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Post by sigge »

Store Mosse 11-25

1ad. Golden Eagle 10:06, guess it is the local female Foggy:
Image

Also buzzard and goshawk.
utfodringen.se

(couldn't this be put into a new thread under Eagles called Golden Eagle :shake: )

Edit: local staff say it's the 18 years old male Fox, see better pictures here: http://utfodringen.se/nytt2021.htm
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Post by Liz01 »

November 29


Good Morning :hi:

Sharyn Broni (Ranger, DOC) Mod • 2 days ago
Just a quick note to say that if LGL is not in before the rain stops the egg will be replaced with a dummy egg and taken to the incubator. LGK has been on the best for 13 consecutive days today and this is a precaution incase he becomes unsettled and leaves the nest.

The egg would be returned when LGL is back in. This is standard procedure for all nests.


The incubator
Image

We are now at the new location for the 2020/2021 season. :loveshower:

LGK & LGL for being chosen the Royalcam couple for the 2020/21 season. they are the parents of lovely Karere

LGK (male) settles on his egg
Image

LGK waits patiently for LGL (female) :innocent:
Image
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Post by Liz01 »

Info about the new couple
https://www.doc.govt.nz/nature/native-a ... al-family/

LGK, LGL and Karere, 2019
South Plateau family.
South Plateau family (LGL sits on the chick with LGK beside)
Female
LGL (lime/green/lime bands)
Age: 11 years
Hatched: 2008
Breeding: since 2017
Chick
Name: Karere
Hatched: 24 January 2019
Fledged: 23 September 2019 at 243 days of age
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Post by Liz01 »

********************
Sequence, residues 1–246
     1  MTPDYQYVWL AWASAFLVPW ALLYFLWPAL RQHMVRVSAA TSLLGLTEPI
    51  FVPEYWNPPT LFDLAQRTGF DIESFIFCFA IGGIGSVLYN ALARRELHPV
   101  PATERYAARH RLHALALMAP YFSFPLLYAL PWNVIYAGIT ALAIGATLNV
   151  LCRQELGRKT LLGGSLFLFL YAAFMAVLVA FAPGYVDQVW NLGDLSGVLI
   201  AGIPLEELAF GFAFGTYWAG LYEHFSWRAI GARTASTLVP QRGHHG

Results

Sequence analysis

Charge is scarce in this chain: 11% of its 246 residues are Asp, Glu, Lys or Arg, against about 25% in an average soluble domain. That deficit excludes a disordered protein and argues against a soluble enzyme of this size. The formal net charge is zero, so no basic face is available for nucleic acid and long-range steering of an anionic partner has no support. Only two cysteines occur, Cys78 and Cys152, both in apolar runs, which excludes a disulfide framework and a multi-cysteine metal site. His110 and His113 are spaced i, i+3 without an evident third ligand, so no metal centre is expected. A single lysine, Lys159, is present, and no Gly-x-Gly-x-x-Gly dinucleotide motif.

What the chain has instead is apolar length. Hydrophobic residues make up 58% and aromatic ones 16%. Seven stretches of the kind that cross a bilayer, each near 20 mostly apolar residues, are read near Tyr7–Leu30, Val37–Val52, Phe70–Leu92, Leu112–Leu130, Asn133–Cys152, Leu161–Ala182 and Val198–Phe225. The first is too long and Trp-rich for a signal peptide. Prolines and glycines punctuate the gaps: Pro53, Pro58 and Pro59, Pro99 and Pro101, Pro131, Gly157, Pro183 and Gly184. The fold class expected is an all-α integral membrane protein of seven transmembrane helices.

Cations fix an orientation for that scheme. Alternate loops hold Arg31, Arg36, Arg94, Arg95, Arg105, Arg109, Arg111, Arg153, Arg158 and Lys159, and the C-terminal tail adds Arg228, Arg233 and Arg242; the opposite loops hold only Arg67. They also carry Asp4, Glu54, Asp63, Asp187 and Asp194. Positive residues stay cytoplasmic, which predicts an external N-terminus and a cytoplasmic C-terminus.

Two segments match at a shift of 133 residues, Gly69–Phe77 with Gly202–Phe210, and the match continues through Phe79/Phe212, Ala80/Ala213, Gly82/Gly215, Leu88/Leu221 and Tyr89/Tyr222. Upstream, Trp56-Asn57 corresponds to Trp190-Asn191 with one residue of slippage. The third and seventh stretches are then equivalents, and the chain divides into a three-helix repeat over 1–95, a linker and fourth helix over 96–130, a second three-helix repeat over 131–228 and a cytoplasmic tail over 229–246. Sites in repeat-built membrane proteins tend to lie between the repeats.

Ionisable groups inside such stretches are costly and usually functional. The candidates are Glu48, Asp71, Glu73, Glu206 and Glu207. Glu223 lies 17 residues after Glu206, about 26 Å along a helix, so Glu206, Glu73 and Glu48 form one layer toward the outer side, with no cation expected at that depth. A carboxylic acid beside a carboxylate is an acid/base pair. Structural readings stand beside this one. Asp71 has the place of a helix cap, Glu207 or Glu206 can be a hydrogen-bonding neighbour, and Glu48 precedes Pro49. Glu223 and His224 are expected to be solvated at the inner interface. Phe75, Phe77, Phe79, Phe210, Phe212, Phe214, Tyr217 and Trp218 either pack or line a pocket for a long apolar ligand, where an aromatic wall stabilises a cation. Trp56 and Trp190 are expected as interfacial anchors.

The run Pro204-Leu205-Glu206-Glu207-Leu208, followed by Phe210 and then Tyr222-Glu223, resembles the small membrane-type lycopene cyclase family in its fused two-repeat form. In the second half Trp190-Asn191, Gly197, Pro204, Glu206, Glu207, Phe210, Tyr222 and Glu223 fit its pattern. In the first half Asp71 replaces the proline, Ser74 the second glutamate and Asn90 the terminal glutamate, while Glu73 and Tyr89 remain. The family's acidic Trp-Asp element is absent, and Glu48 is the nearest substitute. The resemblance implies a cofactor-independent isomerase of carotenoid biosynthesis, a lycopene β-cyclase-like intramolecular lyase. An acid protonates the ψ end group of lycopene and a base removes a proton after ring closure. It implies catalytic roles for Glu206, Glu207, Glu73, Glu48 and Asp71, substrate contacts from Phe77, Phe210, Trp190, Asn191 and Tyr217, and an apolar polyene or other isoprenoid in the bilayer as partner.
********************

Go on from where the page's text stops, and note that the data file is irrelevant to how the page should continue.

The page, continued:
There will be a web Seminar with Sharyn Broni
the Webinar is planned 2020/11/30
start: 10:00 PM

Conserving the Northern Royal Albatross: a Q&A with Wildlife Ranger Sharyn Broni

Info by TheCornellLab All About Birds:
https://www.allaboutbirds.org/cams/royal-albatross/
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Post by Liz01 »

Info by Sharyn Broni DOC Ranger
Here is the media release that has come out with the moving of the webcam.

https://www.doc.govt.nz/new...

The Meet the Royal Family page is worth a look too as there is now a couple of videos on here if you scroll down.

The cam has moved 4m north to get an optimal view of LGK and LGL's nest. We will not be featuring the nest to the right which is RLK and GLG although we will see them around as they are within view of the cam when zoomed out or panning.

It looks like the final egg laid count will be 41, second highest ever and does not include any female/female pairs, which in the past have boosted the egg count as they lay and egg each.

This post has been delayed by the arrival of LGL at the nest, lots of allo-preening, but LGK is in no hurry to hop of the nest, despite having been on incubation duty for 13 days. It shows how robust the albatross are that they can last for this long without food. They are in good condition at this stage having built up fat stores over the last year following the fledging of their first chick, Karere.